This little book is aimed at that all too evident need for us modern Christians to ‘know’ God’s will. The title rightly, in my view, italicizes the crucial second term in that statement, even though (at least at the end of the second chapter) he spends more time discussing God’s will than our knowing. Though this has some detriment in my mind, it does allow him to make clear a few important definitions along the way. To that end, the first chapter focuses on what we’re talking about when we say God’s will
- Decretive will of God – “‘God’s sovereign, efficacious will’; by it, God brings to pass whatsoever he wills”
- “A serious danger faces those who restrict the meaning of the will of God to the sovereign will. We hear the Muslim cry, “It is the will of Allah.” We slip at times into a deterministic view of life that says, “Que sera, sera,” or “What will be, will be.” In so doing, we embrace a sub-Christians form of fatalism, as if God willed everything that happened in such a way as to eliminate human choices.
- Preceptive will of God – “[It] is God’s rule of righteousness for our lives.”
- “One of the great tragedies of contemporary Christendom is the preoccupation of so many Christians with the secret decretive will of God to the exclusion and neglect of the preceptive will. We want to peek behind the veil, to catch a glimpse of our personal future. We seem more concerned with what the stars in their courses are doing than with what we are doing.
He also goes on to discuss justification by faith, righteousness, God’s will of disposition, and God’s secret and revealed wills. To be honest, I’m a bit wary of these distinctions between the various wills of God (largely because I think that they can sometimes strait-jacket our reading of Scripture), but they are distinctions best made to keep us from becoming distracted by the fleeting activities in life and to help us focus on our higher purposes. To that end, I liked one of his concluding paragraphs.
“It is a very practical thing for us to know what God wants for our lives. A Christian asks: ‘What are my marching orders? What should my role be in contributing to the establishment of the kingdom of God? What does God want me to do with my life?’ It is inconceivable that a Christian could live for very long without coming face-to-face with these gripping questions.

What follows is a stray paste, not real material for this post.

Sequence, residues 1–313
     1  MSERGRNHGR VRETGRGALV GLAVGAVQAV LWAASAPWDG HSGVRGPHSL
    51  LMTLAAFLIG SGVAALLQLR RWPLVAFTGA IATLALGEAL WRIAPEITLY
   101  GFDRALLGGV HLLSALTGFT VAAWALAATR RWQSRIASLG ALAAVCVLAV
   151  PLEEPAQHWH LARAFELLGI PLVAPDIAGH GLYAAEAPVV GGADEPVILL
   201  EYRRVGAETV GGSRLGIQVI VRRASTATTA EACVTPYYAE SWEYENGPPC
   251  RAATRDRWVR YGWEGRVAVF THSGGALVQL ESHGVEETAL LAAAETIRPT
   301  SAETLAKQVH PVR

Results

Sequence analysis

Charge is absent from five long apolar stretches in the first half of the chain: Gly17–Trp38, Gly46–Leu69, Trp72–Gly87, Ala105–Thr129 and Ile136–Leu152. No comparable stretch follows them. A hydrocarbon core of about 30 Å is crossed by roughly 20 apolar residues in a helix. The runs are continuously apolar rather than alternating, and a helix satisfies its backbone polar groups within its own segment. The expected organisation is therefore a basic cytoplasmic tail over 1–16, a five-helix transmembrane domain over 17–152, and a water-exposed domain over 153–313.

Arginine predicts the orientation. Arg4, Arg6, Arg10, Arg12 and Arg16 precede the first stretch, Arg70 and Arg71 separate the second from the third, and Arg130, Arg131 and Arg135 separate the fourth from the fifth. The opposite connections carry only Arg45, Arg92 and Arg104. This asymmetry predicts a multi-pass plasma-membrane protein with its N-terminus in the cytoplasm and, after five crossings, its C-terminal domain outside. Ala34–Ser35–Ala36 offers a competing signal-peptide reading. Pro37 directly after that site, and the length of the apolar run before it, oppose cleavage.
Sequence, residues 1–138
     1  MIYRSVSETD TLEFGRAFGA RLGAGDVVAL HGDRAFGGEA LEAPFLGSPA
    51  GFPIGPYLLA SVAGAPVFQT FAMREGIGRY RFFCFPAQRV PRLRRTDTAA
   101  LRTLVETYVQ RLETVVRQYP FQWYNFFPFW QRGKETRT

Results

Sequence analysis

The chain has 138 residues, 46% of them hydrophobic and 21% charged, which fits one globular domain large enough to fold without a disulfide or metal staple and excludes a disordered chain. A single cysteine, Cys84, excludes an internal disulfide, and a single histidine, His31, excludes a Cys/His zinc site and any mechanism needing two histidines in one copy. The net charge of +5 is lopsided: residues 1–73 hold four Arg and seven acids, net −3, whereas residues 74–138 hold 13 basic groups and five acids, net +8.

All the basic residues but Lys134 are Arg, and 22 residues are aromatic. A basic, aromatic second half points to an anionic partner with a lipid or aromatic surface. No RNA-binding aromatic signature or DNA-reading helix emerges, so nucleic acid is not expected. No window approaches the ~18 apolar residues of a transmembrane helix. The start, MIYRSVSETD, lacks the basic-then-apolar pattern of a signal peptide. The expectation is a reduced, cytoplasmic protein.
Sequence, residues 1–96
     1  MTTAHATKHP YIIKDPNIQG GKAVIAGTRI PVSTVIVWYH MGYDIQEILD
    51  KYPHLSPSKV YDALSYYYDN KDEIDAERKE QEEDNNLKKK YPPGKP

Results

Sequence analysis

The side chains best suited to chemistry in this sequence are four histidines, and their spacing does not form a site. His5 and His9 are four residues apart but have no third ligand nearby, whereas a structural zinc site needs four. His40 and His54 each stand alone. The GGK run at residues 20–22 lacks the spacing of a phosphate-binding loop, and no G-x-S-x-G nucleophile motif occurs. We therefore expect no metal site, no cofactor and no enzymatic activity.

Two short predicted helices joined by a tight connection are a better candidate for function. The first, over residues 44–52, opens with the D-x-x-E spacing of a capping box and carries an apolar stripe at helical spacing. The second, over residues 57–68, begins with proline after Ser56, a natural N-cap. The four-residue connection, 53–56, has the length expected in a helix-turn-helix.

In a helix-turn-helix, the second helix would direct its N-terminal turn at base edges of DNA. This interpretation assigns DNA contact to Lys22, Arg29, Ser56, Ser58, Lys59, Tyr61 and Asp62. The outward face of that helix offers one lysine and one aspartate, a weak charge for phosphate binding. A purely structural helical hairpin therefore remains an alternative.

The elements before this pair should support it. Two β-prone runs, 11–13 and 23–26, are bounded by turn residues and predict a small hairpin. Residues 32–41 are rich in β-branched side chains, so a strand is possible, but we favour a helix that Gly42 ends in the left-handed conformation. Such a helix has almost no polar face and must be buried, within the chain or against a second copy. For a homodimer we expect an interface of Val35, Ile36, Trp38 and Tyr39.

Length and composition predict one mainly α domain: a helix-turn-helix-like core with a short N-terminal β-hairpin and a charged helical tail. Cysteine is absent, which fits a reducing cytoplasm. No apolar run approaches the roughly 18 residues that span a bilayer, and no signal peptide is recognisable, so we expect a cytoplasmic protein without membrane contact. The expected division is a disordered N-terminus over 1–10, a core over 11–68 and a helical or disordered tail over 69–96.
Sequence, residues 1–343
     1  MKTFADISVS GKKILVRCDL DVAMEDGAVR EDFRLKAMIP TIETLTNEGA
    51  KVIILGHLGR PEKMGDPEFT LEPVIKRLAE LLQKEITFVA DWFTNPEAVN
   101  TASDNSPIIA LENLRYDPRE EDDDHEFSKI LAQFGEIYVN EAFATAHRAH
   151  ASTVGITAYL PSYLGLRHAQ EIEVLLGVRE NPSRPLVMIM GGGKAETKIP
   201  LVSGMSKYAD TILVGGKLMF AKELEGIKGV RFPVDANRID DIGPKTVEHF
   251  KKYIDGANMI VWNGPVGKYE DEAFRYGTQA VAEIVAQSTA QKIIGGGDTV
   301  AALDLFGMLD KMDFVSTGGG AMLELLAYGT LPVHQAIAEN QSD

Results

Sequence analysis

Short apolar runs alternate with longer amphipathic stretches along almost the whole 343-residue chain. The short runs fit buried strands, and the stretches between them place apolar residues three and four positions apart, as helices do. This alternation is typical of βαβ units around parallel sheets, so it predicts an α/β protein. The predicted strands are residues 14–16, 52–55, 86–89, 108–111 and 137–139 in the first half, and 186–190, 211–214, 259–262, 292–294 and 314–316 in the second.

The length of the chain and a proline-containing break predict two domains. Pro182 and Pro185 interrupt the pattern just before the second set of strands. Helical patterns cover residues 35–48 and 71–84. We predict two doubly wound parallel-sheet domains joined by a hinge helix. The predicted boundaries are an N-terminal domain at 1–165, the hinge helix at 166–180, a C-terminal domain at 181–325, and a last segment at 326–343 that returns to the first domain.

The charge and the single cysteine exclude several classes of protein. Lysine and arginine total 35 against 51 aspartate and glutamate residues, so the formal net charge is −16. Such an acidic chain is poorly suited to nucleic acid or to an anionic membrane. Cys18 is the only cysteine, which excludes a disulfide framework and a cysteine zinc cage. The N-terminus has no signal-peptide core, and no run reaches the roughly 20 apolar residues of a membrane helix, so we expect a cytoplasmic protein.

Just a thought from someone who comes to these questions often…I think we come back to these questions because we’re not trained how to answer them. We don’t see people grappling with what their purpose is in Scripture. We do see them grappling with whether or not they’re willing to do what they were commanded to do, and at times they feel like God himself has abandoned them, but they’re not confused about what they should be doing. I don’t see that confusion in early Christianity either. This repeated confusion about ‘God’s will’ is a distinctly modern phenomenon [I think] and [I think] a very unhealthy one.
In chapter 2, the author goes on to evaluate free while by examining Augustine’s understand of Adam’s ability to sin, Edwards’ discussion of our natural vs moral dispositions, of necessity and desire and what all this says about freedom and choice. I continued to be pleasantly surprised that he continued to point out the dangers of determinism that lie behind some of these explanations (a danger we here all too little of from Reformed preachers).
He also commented a bit on sanctification:
“In a real sense, the process of sanctification involves a radical reprogramming of the inner self. We are not the victims of blind mechanical forces that control our destiny. As intelligent beings, we can do something to change the dispositions of our hearts and the inclinations of our minds.